BCCI was the biggest fraud in history, with at least dollars 10bn ( pounds 6.4bn) going astray in what the Bank of England called a 'criminal culture'.
Many US investigators have been concerned that the plea bargain negotiated with Naqvi might be too lenient.
One London observer said yesterday: 'The Americans have this idea that you should do deals with the small fish in order to catch the big fish. The trouble is they're doing deals with the big fish.'
Naqvi was born in Pakistan and helped BCCI's founder, Hassan Abedi, to build it into the biggest Third World bank, backed by Arab money. Naqvi took British nationality and lived in a pounds 500,000 house in north-west London in the late 1980s.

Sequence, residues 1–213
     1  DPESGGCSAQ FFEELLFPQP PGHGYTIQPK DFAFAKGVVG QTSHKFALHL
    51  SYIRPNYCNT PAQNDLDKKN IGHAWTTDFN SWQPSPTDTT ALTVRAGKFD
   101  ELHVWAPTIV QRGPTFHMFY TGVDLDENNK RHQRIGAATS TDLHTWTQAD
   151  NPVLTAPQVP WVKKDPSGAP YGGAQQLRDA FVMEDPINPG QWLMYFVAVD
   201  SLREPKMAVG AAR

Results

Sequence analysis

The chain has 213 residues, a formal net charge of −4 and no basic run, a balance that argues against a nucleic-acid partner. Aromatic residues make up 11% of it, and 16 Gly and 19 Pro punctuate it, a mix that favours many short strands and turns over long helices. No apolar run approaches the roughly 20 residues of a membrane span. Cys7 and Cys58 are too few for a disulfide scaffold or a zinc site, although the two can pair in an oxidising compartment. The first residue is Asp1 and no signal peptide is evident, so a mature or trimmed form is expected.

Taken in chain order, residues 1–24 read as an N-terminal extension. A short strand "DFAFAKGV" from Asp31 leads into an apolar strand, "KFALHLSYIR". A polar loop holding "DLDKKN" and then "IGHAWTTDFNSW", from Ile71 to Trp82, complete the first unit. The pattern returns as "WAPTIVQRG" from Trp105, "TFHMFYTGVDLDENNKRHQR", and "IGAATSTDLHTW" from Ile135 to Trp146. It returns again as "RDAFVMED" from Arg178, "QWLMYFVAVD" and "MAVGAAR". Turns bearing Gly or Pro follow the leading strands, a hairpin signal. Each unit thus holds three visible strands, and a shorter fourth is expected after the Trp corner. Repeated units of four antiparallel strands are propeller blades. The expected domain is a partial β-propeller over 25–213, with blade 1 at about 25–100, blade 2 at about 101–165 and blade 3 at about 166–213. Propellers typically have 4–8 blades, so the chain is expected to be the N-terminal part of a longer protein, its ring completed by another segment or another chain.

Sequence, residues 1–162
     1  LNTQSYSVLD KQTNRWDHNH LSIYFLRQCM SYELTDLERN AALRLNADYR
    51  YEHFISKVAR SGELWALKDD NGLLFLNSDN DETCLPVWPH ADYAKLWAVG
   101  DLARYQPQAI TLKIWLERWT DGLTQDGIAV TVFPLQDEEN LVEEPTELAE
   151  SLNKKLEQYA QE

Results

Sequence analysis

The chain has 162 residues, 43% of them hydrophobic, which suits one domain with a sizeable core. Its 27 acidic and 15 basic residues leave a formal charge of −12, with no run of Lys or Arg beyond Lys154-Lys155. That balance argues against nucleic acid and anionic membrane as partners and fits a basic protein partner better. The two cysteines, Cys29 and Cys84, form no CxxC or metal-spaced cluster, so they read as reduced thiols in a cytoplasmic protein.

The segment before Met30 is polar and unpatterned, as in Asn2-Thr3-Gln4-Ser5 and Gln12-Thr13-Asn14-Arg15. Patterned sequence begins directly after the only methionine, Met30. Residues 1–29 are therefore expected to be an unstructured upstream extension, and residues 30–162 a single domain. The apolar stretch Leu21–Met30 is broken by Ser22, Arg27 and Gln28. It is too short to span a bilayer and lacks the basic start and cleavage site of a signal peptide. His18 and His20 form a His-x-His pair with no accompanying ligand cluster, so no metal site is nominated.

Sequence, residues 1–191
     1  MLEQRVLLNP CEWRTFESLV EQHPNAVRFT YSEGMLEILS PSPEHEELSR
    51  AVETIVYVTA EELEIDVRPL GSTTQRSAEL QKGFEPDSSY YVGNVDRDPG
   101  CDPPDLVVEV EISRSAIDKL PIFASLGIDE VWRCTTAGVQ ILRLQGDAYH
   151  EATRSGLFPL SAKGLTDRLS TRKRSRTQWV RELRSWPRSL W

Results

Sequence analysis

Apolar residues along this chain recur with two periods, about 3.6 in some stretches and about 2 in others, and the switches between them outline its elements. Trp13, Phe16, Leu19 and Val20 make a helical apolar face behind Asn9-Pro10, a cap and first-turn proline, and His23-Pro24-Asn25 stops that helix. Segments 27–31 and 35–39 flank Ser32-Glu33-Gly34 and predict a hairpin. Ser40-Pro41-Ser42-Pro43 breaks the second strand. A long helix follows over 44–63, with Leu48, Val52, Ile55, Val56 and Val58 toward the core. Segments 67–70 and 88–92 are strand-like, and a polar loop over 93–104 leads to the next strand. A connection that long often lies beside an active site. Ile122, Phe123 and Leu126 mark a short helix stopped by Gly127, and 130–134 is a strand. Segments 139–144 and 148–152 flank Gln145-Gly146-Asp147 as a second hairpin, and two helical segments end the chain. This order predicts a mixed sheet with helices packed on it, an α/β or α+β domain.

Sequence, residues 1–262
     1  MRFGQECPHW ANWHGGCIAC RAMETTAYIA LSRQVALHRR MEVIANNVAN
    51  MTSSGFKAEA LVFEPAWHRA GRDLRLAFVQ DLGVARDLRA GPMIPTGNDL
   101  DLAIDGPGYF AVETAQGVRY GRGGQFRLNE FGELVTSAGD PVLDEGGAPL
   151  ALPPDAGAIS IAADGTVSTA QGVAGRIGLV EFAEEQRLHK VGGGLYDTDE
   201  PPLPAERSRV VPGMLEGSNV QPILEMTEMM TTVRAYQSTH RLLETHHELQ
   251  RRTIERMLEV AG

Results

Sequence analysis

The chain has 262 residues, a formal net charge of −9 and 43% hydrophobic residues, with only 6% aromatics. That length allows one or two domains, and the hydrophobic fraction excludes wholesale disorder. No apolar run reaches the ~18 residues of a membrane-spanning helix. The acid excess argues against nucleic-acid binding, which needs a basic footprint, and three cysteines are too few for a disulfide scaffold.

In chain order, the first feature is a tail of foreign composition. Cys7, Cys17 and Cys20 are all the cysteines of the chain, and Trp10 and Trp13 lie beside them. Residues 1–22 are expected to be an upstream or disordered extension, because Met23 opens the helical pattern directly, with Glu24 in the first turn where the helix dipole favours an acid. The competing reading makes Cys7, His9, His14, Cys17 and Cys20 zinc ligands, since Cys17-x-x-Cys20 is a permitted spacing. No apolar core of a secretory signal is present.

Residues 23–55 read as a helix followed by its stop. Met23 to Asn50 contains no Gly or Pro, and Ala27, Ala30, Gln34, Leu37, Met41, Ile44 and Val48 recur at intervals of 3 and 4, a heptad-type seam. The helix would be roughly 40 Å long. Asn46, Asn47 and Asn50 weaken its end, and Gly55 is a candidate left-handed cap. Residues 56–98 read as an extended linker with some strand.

Naqvi amassed a huge number of secret files and ran what the Bank of England described as 'a bank within a bank'. In January 1991 BCCI's auditors, Price Waterhouse, found out about the secret files, and when the Bank of England asked the auditors to investigate the bank later that year it was the information in those files that prompted worldwide banking regulators to close BCCI.
The day after BCCI's shutdown the Abu Dhabi authorities arrested Naqvi and 13 other senior BCCI executives. Naqvi hired Kingsley Napley, an expensive firm of lawyers, to defend him, despite claims of being penniless.Reuse content